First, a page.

Moray Dalton

Death in the Cup

Murder in the poisoned bosom of a genteel, if alarmingly dysfunctional, family in the English countryside.
Dennyford is a “peaceful little place . . . where the most exciting thing that could happen would be the lowering of somebody’s golf handicap. . . .” Or so the locals used to think. But young Lucy Rivers is in love with handsome Mark Armour, the local police’s chief suspect in a most dreadful murder case — the initial slaying (that of Mark’s domineering older sister, Bertha), and another which follows it, appear to have been done by means of arsenic. The true killer is finally unmasked, with credit going to the wily Hermann Glide, working in parallel with Inspector Collier of Scotland Yard.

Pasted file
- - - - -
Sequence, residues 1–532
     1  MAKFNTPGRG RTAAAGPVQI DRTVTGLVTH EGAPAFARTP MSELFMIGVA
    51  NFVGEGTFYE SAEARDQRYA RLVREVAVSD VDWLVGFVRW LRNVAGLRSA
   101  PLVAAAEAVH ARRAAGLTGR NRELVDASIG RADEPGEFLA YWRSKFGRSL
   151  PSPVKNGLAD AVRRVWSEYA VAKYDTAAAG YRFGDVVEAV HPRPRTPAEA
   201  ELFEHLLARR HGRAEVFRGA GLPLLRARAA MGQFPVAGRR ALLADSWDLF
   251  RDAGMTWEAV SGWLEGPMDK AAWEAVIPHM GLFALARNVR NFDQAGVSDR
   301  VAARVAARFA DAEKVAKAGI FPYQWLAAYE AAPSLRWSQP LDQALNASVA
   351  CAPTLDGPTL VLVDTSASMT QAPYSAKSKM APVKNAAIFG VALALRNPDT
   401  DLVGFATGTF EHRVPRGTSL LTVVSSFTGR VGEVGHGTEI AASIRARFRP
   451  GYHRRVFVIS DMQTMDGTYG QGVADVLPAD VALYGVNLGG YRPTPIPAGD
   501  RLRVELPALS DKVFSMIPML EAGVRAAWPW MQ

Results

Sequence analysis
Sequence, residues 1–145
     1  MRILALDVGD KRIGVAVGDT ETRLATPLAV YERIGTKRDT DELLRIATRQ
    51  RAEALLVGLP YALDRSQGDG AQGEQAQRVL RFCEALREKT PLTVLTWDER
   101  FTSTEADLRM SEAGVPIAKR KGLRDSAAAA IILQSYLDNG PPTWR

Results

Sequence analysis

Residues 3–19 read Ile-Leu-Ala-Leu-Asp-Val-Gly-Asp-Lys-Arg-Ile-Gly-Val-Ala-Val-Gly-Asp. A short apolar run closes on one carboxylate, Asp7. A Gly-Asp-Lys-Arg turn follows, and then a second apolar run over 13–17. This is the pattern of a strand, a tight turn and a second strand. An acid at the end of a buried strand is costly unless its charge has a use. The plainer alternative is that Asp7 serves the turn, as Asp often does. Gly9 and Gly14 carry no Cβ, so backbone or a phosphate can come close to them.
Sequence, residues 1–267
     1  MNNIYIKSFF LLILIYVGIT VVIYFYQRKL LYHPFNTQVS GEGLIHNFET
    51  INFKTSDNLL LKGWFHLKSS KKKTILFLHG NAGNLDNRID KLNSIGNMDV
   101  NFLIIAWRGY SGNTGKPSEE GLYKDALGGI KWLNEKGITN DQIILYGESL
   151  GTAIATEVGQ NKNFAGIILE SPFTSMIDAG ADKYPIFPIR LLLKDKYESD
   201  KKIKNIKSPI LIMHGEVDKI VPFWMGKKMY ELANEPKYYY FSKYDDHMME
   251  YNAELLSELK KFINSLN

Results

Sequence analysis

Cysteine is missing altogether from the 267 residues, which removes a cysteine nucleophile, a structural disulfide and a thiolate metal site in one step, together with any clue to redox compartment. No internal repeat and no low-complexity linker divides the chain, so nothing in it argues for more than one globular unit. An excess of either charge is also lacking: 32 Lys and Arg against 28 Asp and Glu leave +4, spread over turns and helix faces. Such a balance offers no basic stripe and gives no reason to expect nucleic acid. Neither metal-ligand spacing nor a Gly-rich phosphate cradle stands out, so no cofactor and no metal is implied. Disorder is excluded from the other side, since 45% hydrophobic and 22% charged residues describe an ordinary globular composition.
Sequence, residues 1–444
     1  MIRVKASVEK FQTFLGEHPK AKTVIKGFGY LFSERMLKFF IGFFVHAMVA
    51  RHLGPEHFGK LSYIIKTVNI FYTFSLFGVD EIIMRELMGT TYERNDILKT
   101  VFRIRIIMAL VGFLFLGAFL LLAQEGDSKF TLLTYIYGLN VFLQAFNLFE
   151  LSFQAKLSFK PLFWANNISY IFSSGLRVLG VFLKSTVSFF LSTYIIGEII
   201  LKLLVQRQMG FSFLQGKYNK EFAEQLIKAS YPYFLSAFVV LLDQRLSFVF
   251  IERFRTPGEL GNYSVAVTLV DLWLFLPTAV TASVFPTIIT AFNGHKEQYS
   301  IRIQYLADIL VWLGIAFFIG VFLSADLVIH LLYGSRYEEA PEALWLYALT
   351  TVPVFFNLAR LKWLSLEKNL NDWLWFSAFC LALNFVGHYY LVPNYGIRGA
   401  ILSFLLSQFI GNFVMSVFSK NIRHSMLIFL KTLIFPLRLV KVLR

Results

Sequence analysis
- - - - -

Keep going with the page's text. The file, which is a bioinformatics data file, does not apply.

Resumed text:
Death in the Cup was originally published in 1932. This new edition features an introduction by crime fiction historian Curtis Evans.
201 printed pages
Original publication



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